In most of the cases, the group images or display pictures show obscene or sexual activity, often involving children or minors. Some of the media reports have suggested that these groups are named like “cp_____,” . Here cp stands for child porn.

The report also suggests that some of these groups reach their maximum membership limit within a few minutes of their formation. Some of the groups are formed with rules like “only cp videos”, “Must send 10 videos per day every member. If any member does not send I’ll remove him without warning”.

And there are several groups, which solicit physical contact with children or even with adults at a price with details like coverage area, time etc. In other words, which initially seemed to be only content, actually may result into physical contact with the child.

Imagine, your child falling prey to such activities and leading a scarred life, without having the guts to inform you what he/she has gone through. Or a close contact, forcing your child to do certain acts, which you won’t have even imagined, for the purpose of a picture or a video shoot and sharing it on such groups. And someone then expresses the desire to touch your child and even going beyond that for a few bucks!

In other words, what we as educated citizens, were trying to tackle by educating our children on what is termed as a good touch or bad touch, may not be enough to ensure their safety.  Yes, it is important to teach them about their body parts, their sanctity, their rights or having a no-secret policy.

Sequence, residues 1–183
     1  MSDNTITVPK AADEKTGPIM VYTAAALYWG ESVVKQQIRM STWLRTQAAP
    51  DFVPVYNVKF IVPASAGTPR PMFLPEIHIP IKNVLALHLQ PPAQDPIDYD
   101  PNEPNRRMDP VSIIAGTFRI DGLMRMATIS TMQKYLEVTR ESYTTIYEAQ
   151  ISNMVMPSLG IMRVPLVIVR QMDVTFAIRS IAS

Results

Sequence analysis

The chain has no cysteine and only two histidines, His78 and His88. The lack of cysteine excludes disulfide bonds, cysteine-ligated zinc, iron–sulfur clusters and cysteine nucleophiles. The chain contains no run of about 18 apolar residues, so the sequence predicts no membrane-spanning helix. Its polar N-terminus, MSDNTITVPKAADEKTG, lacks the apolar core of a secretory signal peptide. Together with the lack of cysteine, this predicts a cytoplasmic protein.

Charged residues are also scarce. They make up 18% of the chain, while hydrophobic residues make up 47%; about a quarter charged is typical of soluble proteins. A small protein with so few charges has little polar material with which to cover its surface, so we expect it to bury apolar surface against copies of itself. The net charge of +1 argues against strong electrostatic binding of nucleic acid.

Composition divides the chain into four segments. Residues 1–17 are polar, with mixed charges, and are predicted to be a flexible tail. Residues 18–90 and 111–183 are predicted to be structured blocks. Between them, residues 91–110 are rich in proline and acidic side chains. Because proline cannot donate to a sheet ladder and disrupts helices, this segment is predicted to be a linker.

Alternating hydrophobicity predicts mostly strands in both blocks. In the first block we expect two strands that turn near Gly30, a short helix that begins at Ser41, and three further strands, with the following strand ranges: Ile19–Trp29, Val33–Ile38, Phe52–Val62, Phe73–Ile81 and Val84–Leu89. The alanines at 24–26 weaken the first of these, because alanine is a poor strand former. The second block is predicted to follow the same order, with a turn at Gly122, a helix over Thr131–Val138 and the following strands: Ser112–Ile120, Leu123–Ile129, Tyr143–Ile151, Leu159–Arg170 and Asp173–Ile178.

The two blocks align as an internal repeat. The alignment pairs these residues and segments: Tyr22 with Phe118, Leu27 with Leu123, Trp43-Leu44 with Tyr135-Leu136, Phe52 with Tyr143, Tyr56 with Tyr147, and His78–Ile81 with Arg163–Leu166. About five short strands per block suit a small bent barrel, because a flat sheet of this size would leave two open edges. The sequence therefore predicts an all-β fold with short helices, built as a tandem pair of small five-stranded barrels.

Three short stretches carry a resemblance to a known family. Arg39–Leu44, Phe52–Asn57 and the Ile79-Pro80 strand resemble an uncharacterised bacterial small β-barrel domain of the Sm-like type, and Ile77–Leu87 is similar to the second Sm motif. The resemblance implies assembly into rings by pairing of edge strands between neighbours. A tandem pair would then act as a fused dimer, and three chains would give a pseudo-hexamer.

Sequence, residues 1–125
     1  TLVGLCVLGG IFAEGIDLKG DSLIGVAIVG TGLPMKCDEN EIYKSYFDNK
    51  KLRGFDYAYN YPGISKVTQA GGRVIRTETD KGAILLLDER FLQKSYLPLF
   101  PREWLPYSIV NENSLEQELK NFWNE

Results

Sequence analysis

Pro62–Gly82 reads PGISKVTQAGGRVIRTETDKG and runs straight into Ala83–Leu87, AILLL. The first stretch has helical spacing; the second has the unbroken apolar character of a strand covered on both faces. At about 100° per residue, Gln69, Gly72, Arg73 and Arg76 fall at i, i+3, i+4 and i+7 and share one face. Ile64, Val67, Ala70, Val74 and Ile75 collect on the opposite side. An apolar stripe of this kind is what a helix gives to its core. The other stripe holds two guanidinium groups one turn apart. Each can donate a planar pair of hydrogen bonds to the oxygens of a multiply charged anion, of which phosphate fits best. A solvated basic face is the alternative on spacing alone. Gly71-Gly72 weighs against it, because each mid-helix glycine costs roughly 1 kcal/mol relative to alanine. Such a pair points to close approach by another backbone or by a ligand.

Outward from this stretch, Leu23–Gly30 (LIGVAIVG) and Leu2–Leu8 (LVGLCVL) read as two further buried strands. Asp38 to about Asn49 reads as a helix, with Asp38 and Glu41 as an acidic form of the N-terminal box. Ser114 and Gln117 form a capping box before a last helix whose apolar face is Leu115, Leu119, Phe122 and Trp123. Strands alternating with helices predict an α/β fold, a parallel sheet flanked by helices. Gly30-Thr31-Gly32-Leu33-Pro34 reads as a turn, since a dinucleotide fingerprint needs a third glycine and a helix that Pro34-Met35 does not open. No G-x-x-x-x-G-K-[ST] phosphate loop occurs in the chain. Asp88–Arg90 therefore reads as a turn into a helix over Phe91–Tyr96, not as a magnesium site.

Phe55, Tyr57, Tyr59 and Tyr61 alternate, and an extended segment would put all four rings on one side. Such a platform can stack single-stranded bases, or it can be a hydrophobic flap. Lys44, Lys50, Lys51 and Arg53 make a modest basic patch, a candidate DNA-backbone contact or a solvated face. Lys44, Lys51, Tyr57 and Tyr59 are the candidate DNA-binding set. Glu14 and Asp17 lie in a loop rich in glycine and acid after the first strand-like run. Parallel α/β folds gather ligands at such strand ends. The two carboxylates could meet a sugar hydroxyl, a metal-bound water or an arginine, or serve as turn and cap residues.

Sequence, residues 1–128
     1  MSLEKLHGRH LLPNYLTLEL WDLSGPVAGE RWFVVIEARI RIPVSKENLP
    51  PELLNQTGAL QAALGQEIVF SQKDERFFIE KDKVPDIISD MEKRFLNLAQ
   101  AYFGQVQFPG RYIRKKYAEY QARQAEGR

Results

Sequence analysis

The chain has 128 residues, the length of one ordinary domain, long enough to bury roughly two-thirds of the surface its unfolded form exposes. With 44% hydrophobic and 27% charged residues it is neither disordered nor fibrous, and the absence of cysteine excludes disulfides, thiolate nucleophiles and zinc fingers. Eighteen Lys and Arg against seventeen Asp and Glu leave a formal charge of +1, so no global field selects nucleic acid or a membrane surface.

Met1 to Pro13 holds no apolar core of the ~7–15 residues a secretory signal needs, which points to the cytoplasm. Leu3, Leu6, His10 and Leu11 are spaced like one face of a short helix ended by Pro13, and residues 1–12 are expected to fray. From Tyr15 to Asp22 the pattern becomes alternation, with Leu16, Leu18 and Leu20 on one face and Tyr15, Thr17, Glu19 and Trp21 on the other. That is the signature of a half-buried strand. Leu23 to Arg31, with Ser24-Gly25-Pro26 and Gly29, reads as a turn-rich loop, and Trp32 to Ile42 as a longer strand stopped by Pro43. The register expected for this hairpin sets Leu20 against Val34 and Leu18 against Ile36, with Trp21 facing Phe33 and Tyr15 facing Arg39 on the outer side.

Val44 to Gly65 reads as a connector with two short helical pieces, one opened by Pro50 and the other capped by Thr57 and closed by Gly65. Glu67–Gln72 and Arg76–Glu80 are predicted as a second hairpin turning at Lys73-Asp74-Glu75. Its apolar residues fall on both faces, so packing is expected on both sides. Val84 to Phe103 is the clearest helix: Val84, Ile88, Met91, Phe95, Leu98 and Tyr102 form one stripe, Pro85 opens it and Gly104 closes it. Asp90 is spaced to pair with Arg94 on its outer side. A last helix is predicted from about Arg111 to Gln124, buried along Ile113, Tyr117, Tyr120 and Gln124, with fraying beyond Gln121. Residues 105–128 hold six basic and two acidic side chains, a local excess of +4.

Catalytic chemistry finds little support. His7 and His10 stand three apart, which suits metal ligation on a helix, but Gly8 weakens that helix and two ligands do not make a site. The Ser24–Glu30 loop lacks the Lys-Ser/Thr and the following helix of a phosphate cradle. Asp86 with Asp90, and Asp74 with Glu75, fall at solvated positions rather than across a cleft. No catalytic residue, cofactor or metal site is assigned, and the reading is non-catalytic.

We have to be equally cautious of what happens in their surroundings, especially in schools, or playgrounds. For us as parents, that seems to be the only way out. It is very important to tell your child that no one should take pictures of their private parts. And the last would be to tell them, how to come out of such scary or uncomfortable situations. As parents, you can devise certain code words, which your child can use to alert you during a party or when you have guests at home or they play etc.

Often perpetrators tell children, “I love playing with you, but if you tell someone else, what we played they won’t let me come over again.” Or it can be a threat: “this is our secret. Don’t tell this to anyone. If you tell this to anyone, I will tell, it was your idea. You will be in big trouble.” As a parent, it is necessary to alert your child.